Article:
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  • Writer's pictureSam Malone

Once Upon a Time in Hollywood: Tarantino impressively shows in his most restrained effort yet

Updated: Aug 6, 2019

It’s been 3 days since I saw Once Upon a Time in… Hollywood. I needed time to ponder it after leaving the crowded theater. The more time away I get from my first viewing, the warmer my stomach gets every time I think about it. Like leaving a first date knowing that person is special and the butterflies of love start to crack open the cocoon of that anxious appetite-ruining warmth inside of you. If Once Upon a Time in… Hollywood had this same feeling, it’d be for the Los Angeles of 1969. This was Tarantino’s intention, of course. It’s a lovely ode to that long gone (but never forgotten) era of Hollywood. Tarantino (with the exception of the intermittent narration) shows way more than tells and in this instance, thank God for that.

I already plan to revisit it again soon, this time in 35mm film. It is Tarantino’s and any film buff’s preferred mode of viewing (I had the privilege of seeing Christopher Nolan’s Interstellar in 70mm IMAX and Tarantino’s The Hateful Eight road show in 70mm CinemaScope), enmeshing you even more into the world of the film projected with vibrant colors and blacker blacks, that feeling of still utilizing an antiquated (but essential) medium in a digital world where we can watch movies on a screen in our hand. Celluloid was the only way movies were watched in 1969 and I’m excited to see it the way Sharon Tate would’ve watched her last film, The Wrecking Crew, before her death. Although I felt the length in my first viewing, time and distance has made me appreciate how wonderful this film truly is. I can guarantee that I won’t want that reel to run out in my second screening. Now I am certain that my second viewing of Brad Pitt as stuntman Cliff Booth driving around 1969 LA and Leonardo Dicaprio as struggling western actor Rick Dalton on 35mm will be a wholesome, absorbing experience that I will not want to end.

Also, seeing Margot Robbie again as a beautiful homage to Sharon Tate dancing and shopping and being human, watching herself in a movie theater, grinning big and enraptured by the laughs of the audience at her performance on screen might cause a couple of tears for me, especially after researching the details of her horrible, unfair death.

As for the Manson tie-ins, I’ll get to that later. I will review the film in its entirety after my second viewing. As for now, I will savor this feeling until it is hopefully extrapolated in the experience of 35mm film. The transformer of history, master of cinema and ultimate cinephile has done it again.

To be continued... *Spoilers*

Well, I saw Once Upon a Time in... Hollywood again. Seeing it a second time was a better experience, especially on 35mm film. Hearing the projector begin to run and seeing the crisp, clean illusion of Tarantino's images moving on a screen was wonderful. Occasionally lines or black splotches would appear in a flash, reminding the viewers that this is the way movies are supposed to be seen.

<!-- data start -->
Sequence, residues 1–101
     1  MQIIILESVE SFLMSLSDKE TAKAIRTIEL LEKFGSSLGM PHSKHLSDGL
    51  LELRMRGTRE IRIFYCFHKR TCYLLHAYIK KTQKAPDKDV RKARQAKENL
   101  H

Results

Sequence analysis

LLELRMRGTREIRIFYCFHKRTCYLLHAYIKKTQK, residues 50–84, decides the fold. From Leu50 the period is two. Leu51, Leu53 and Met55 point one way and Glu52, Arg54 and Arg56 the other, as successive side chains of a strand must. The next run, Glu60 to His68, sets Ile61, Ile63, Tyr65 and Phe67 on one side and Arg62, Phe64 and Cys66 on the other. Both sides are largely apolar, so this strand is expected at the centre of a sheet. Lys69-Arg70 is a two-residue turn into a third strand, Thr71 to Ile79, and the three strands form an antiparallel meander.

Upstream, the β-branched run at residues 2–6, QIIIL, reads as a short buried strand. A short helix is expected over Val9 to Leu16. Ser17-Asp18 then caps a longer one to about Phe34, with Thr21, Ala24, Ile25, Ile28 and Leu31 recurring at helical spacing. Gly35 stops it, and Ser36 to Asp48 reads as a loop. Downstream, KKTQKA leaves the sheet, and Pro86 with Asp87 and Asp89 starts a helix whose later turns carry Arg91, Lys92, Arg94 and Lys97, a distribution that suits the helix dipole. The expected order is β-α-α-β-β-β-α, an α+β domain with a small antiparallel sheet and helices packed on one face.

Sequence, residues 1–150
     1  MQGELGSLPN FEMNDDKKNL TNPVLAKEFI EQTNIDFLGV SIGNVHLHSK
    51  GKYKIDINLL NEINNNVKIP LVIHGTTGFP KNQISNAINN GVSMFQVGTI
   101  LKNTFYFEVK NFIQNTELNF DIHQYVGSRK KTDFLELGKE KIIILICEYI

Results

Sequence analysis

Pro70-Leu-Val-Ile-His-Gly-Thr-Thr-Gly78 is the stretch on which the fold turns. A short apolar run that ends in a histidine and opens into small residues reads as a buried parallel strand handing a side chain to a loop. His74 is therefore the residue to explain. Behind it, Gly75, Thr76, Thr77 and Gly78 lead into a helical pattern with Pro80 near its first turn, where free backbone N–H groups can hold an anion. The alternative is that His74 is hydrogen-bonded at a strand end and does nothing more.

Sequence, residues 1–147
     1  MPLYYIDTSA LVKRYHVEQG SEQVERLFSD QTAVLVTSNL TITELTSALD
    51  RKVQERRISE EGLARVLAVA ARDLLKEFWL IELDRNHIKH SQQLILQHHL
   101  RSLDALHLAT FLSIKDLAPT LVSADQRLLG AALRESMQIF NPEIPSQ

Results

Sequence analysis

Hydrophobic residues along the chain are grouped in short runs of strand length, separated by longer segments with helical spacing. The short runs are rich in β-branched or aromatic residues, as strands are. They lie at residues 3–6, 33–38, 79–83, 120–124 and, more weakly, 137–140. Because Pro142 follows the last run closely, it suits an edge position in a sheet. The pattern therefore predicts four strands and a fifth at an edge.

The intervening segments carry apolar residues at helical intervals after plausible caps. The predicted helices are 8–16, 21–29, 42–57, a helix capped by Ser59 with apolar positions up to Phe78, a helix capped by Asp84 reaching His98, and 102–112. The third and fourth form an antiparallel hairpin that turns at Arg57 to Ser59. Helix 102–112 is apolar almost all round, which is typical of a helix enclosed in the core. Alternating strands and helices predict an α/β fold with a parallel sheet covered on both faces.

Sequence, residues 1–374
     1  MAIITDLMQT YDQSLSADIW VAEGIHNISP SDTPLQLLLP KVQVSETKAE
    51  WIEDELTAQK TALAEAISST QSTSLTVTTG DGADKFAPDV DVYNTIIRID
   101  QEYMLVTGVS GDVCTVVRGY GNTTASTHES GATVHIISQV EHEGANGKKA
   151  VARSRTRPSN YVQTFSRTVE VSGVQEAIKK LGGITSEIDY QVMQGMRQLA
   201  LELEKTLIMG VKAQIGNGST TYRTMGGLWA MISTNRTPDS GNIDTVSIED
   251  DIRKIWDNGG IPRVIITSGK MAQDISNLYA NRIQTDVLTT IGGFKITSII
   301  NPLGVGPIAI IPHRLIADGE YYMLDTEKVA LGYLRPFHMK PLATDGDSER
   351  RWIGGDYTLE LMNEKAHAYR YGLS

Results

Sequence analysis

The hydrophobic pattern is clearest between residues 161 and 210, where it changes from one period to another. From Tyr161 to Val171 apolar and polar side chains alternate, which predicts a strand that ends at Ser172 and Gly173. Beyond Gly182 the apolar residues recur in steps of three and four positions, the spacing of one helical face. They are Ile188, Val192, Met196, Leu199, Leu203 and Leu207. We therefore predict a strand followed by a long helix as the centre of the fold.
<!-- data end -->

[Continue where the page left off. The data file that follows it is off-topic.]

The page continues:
As for the movie, Tarantino has done something special here. While it isn't his best movie and not the best showcase for a "Tarantino movie," it is certainly his most moving, heartfelt work. Restrained until it's not, mature as Tarantino can get, and immersive in every single way, it is a simple, playful show of wandering and meandering escapism. There's no need for a plot in a film like this. It's all about showing the era, honoring the time and characters, and giving real people the lives they deserved. Margot Robbie's celebration of Sharon Tate is the beating heart of the film. The fairytale ending is the beginning of a life she should have had and one she was so unfairly taken away from. How unfortunate that this film is a fairytale, and that a pregnant Sharon Tate was actually murdered by hippie heathens rather than enjoying a night with her friends at home and continuing a career that would have definitely included super-stardom.

Thanks to Tarantino and the power of movies, we can relish in the beautiful ending of this film. We can enjoy Brad Pitt as the badass stunt-man Cliff Booth and Leonardo Dicaprio as the struggling actor giving the Mason murderers what they deserved. There's not much more to say about Hollywood since it's been debated and stripped down to the bone by the internet already. It's a beautiful film, with Tarantino's signature bloody indulgences against the people of history that deserved it; it's a love letter to 1969 Hollywood, actors and stunt-men; it's a fairytale we wish were true, an emotional journey you don't want to end, and an homage to a world long gone.

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